Sounds hardcore, but I’m no spandexer. I have an entry level mountain bike, and wear street clothes. Until the last couple of months, I was even biking on flat pedals (prior to the fancy clipless ones I inherited from a friend). Very little gear is required, and I highly recommend those that have less than 10 miles commute trying this once or twice this summer. Here’s what you need:
You can get fancier than that, but the complexity of “stuff” can outweigh the enjoyment of just getting on the bike and pedaling. Add equipment like pedals, slick tires (if you’re riding a mountain bike), fenders (for rainy riding) when you decide you’re ready for it. If you don’t want to sweat, I’d suggest planning on keeping about an 8-10mph pace (a quick division calculation using the miles to your office as the numerator can tell you how much time to budget). Depending on your local humidity, your sweat threshold may vary.
My own history: I started bringing my bike to work in 2007, when I worked in downtown Seattle. I would take the bike on the bus, and then ride home at night. Took about an hour and twenty minutes, but two or three times a week meant I exercised a minimum amount during the week, and the green trails took me almost door to door with no traffic stress.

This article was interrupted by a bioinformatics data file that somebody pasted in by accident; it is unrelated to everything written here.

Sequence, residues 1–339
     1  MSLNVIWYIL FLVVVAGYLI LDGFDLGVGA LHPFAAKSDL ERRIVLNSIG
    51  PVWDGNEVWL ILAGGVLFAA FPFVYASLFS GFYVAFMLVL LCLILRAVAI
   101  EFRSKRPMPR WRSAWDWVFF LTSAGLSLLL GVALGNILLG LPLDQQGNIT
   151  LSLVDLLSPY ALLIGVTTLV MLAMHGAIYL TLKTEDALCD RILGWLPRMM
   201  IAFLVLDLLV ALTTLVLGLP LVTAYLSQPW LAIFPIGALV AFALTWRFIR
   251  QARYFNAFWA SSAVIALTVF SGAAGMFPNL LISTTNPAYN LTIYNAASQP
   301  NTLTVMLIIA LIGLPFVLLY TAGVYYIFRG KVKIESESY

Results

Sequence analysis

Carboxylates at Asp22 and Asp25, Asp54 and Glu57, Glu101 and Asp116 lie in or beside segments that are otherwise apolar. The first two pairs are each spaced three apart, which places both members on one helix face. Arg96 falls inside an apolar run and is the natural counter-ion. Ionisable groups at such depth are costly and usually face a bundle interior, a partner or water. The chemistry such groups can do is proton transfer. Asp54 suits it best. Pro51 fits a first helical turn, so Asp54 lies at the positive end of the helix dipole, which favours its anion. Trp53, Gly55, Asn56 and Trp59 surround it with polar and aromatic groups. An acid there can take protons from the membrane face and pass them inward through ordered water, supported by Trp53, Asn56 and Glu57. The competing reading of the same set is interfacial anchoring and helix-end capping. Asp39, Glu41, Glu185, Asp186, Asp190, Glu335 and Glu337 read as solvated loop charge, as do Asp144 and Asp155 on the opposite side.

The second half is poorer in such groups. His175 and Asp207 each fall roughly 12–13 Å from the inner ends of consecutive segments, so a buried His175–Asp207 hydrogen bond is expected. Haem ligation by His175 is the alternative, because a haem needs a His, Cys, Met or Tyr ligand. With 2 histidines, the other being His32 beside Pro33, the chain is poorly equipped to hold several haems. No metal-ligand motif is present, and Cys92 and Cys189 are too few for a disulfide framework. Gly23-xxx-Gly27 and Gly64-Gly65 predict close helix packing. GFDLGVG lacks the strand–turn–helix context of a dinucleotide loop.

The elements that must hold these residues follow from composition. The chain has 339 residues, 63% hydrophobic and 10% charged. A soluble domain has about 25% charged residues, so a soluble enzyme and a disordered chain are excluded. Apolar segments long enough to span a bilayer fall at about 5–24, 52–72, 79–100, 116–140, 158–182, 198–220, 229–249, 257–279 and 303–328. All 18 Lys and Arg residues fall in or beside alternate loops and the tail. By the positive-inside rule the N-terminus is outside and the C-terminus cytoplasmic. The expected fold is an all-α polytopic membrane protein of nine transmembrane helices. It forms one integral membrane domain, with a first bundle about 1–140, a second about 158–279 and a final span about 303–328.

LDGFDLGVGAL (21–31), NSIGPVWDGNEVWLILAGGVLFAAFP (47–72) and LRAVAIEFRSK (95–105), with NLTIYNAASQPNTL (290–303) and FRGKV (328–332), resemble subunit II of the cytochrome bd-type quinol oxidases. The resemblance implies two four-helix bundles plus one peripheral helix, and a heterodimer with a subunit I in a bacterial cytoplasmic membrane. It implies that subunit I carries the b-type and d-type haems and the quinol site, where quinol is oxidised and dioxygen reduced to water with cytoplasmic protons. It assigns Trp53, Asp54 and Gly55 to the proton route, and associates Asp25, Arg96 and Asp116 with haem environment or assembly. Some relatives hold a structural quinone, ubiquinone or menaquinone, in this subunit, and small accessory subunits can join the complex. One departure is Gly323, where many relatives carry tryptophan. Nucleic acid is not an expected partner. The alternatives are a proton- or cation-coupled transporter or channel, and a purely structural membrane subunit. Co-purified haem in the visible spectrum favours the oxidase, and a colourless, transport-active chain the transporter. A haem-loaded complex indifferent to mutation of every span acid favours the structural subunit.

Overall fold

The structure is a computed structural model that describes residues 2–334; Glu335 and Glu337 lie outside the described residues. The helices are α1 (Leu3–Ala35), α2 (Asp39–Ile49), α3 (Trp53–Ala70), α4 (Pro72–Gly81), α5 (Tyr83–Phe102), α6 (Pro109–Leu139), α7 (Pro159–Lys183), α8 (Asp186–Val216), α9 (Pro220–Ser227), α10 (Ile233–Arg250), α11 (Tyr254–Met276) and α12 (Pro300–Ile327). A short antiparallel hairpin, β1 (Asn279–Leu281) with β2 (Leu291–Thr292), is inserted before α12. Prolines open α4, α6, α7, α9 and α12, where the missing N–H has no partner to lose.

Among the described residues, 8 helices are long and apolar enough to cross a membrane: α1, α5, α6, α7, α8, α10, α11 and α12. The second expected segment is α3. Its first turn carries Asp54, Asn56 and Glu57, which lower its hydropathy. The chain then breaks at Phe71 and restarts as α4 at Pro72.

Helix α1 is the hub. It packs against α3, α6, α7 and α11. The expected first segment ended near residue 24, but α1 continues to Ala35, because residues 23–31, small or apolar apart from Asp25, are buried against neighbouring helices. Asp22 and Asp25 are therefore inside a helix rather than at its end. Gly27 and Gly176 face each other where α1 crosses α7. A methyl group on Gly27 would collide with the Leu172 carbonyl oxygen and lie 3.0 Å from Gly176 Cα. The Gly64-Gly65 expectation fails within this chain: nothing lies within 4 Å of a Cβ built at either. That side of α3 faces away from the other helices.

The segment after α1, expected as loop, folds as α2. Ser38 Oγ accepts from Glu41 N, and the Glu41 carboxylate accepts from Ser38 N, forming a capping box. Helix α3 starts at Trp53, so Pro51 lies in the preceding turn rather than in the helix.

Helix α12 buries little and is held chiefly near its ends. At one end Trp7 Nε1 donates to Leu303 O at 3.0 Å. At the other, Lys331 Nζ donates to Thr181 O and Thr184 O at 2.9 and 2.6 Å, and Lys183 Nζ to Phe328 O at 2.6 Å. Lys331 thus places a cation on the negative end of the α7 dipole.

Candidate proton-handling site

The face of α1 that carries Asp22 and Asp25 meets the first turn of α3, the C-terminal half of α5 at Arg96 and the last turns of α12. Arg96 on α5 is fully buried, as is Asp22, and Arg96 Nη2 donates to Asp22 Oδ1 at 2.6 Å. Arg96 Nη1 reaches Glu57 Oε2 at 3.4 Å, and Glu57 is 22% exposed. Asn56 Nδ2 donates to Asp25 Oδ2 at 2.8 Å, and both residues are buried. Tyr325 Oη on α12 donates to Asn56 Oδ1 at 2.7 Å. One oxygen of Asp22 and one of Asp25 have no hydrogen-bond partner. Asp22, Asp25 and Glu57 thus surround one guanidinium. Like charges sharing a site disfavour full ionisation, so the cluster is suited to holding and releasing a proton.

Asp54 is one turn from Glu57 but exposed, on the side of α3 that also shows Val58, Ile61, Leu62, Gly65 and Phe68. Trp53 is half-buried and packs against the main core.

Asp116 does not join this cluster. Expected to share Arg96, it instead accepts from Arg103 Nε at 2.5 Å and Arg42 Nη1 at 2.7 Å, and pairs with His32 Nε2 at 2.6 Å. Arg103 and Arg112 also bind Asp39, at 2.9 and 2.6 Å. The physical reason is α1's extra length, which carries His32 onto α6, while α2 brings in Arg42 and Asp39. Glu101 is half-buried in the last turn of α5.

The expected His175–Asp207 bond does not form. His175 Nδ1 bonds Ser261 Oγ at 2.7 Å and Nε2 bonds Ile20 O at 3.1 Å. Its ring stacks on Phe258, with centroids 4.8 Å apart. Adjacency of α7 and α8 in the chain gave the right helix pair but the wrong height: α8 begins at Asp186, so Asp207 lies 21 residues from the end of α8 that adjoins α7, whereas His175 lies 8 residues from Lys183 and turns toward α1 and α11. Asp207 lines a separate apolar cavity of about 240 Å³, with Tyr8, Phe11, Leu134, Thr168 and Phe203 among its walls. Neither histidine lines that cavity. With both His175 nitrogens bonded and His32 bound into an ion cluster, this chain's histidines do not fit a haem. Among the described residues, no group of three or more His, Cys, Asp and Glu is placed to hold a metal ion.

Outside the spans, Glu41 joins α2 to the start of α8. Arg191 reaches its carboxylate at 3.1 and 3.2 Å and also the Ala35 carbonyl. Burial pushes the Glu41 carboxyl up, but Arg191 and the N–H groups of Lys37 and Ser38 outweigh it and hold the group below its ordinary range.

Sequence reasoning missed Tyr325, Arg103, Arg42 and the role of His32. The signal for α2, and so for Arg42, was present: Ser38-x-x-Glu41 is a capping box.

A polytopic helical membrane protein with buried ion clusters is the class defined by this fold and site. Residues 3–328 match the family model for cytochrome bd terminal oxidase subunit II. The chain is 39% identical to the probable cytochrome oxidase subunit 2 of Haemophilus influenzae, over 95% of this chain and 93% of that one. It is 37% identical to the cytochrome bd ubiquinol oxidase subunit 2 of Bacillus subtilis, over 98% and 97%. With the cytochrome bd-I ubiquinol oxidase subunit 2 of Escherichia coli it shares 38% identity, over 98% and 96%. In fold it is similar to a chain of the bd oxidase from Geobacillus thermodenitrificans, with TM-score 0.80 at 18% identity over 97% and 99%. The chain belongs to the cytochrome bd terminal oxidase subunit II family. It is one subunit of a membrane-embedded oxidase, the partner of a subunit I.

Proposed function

I upgraded my commute options when changed jobs and started commuting to Redmond. The Sammamish River Trail took me straight from Shoreline to Redmond with zero traffic. In my second life as a contingent staffer at Microsoft, I also have access to showers and lockers on the Microsoft campus, a block from our Redmond office. This means I can log almost a couple of hours of exercise a day without taking significantly longer than hopping in my car. Bike down, shower, work all day, bike home. And the views!
Hope to see you out on the trail, and if you’re in Seattle, sign up for the Group Health May commute challenge – you can follow my progress here.
Tags: work life balance, commute, national bike-to-work month, cycling
General | Randomness | Social Media
photo by Origamidon on Flickr
Early yesterday, Amazon's cloud offering, Web Services (AWS) had widespread failures and latency issues, effectively blocking Amazon's clients from serving up online services. This effectively blocked companies like Reddit and Hootsuite users from their main services. Hootsuite was completely shuttered for the day, and Reddit blocked logins to the site. With this reminder of the risks associated with heavy investment in the cloud, it's worth surfacing a couple of terms to think about when considering a cloud offering.
High Availability. This is the idea that moves beyond mere uptime for all of your servers, and focuses resources to make sure high-business-impact components are not just up, but have multiple systems of redundancy. No failure allowed.